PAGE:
Reportage

Brazilian designer: condoms, basic as jeans, necessary as love

16 March 2006

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Photo: Daniel Delaunay

Thousands of condoms pile in the corner. Buckets of paint lie on the shelf. She cuts, twists, shapes, melts, pastes, colors, crochets and sculpts, with her fingers and nails stained black. 365 hours later, a colourful elegant gown made of 6,500 condoms debuts.

Adriana Bertini, a Brazilian artist living in São Paulo, uses expired or defective condoms as raw material to make pieces of art. Her creations include ornate evening dresses, vivid bikinis, elegant shawls, flowery carnival costumes, and other plastic arts.

"I want my art to be visible everywhere, reminding people of the necessity of HIV prevention" Bertini says. “I prefer working more with the figurines, because I noticed that they make people think about the meaning of ‘Wear against AIDS’.”

Bertini started her career at Brazil's fashion houses, and made her first dress from condoms in 1997. Since then, the designer has made around 200 sculptures, 80 tapestries and 160 figurines from condoms. The most condoms she has ever used on a gown - around 80 thousand - was on one wedding dress.

"My idea is to promote condom use not as a commercial fashion but as a conceptual fashion, be it conscious or subconscious. The idea is to wear them at the right time, not just as a trend, on clothes" says Bertini.

Bertini started working in HIV prevention in 1994, after she spent time with HIV positive children as a volunteer for GAPA, an HIV prevention group. "In the beginning, I worked with condoms but not necessarily in the context of AIDS," the designer says "The AIDS issue came along with my work with children living with HIV. I realized that I could use fashion for AIDS awareness."

“I volunteered to do the HIV prevention work,” says Bertini, who at the time did not know anyone living with HIV. “Then I made friends who were HIV positive and this stimulated me even more to promote prevention.  Today, I have already lost some dear people to AIDS. I think this is the minimum I can do, being a conscientious person faced with a problem of this magnitude. ‘If you have conscience, act'.”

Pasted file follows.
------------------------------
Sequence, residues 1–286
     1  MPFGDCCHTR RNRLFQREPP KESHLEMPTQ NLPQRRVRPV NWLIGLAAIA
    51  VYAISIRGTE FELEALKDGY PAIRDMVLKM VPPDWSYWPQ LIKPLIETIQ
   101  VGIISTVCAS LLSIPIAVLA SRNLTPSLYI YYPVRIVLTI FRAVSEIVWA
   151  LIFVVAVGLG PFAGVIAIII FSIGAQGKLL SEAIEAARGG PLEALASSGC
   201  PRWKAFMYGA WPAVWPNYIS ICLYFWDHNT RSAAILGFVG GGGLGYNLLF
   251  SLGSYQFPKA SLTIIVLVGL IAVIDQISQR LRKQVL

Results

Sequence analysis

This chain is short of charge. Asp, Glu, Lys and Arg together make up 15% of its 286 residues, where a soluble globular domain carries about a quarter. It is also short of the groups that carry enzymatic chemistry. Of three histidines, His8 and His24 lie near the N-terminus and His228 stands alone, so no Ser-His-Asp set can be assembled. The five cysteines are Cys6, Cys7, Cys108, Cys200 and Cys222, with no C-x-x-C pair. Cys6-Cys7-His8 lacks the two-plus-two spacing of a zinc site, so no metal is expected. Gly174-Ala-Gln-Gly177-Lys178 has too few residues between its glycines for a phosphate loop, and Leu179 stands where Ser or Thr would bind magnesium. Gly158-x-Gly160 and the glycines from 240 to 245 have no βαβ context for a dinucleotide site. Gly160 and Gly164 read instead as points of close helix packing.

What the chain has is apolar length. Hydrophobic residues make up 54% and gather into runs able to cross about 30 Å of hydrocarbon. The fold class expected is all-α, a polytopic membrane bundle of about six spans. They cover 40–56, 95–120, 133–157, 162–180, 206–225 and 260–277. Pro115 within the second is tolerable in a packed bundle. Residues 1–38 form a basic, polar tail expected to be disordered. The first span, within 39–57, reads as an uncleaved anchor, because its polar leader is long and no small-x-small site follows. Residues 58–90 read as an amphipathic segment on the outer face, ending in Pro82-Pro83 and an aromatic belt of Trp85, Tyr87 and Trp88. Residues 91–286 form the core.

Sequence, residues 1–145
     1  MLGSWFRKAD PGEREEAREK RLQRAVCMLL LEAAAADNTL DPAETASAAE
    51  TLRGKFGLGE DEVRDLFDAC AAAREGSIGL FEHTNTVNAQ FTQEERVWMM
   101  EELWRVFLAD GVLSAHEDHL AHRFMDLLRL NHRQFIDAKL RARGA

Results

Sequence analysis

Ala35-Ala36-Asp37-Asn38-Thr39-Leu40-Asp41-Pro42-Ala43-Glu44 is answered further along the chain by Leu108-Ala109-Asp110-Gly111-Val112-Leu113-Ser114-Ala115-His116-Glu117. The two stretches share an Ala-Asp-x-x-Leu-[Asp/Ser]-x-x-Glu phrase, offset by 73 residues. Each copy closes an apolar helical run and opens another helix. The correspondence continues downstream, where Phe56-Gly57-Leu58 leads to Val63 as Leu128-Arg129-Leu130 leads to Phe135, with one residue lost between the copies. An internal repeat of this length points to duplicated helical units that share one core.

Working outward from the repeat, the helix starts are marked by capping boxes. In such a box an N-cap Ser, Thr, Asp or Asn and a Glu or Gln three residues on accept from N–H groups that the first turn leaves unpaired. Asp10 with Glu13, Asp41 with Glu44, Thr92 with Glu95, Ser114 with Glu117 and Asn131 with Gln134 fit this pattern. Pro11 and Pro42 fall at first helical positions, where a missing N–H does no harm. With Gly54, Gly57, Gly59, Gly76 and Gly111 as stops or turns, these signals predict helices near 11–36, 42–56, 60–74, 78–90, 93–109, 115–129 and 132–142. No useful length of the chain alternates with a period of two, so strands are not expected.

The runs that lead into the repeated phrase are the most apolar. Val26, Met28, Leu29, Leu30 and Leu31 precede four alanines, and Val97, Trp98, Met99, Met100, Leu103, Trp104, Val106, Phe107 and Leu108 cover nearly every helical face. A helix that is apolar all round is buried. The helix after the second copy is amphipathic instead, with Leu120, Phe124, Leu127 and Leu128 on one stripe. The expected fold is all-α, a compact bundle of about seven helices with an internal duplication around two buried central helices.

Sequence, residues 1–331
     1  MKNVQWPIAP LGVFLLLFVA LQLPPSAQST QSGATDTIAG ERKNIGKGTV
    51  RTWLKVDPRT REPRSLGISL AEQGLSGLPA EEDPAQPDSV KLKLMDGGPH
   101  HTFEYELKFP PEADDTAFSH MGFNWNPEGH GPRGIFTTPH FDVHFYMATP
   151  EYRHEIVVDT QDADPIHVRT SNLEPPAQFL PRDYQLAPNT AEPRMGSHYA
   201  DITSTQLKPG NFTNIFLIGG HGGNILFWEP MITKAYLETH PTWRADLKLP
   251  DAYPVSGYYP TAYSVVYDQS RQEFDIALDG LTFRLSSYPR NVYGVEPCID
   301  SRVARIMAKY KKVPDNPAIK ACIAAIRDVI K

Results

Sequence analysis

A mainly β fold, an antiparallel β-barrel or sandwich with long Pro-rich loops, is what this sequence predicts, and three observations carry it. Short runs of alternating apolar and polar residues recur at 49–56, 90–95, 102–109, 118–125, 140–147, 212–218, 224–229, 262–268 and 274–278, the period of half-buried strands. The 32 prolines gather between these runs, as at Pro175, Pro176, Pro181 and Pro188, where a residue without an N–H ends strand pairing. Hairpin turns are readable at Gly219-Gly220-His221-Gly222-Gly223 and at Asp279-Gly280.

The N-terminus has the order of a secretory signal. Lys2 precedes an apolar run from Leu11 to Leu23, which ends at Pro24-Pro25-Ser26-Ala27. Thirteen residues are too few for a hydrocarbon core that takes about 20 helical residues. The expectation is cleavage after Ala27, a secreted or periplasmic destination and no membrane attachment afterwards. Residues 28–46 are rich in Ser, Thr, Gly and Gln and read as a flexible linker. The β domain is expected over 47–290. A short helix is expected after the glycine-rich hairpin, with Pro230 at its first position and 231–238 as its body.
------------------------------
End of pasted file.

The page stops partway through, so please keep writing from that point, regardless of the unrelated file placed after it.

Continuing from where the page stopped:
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Adriana Bertini. Photo: Rodrigo Cibantos

Bertini’s designs can be seen at fashion shows and in magazines, or are exhibited in museums. “The focus is not on wearing my gowns, but on introducing condoms into everybody’s lives, breaking taboos and giving the public a chance to ponder.”

While Bertini’s designs are often shown in Brazil, she has also had important international exposure. Her work was exhibited at the International AIDS Conference in Barcelona, Spain, in 2002, and at the 15th International AIDS Conference in Bangkok, Thailand, in 2004, among others. She has also proposed an exhibit in the cultural programme of the 16th AIDS Conference in Toronto this coming August: “I am waiting for the selection to be finalized.”

Reactions of the public to her designs vary. Some people whisper about it, others laugh or dismiss it as inappropriate, and then there are those who want to meet her and tell her their problems.

“There a lot of parents who want to thank me because it was through my art that they’ve reached out to their children to talk about sexuality,” she says.

All her material comes from condom manufacturers, and the proceeds from the sales of dresses - prices range from $700 to $5,000 - go directly to organizations involved in the fight against AIDS. Bertini and her HIV-positive apprentices do not make their living directly from their work, but instead rely on sponsors.

"I'm not doing this to make money but rather as a social act, as art aimed at others. I hope that by using condoms to create something new, I can inspire reflection, foster discussion, and challenge taboos." says Bertini who is quickly becoming well-known in international activism circles.

The 34 year-old was awarded with the Nkosi Johnson Community Spirit Award in 2004 by the International Association of Physicians in AIDS Care, Washington DC, (IAPAC) in recognition of her 10 years of artistic activism. "You understand, condoms must become as basic as a pair of jeans and as necessary as a great love," Bertini emphasizes.

Related links

Adriana Bertini official website

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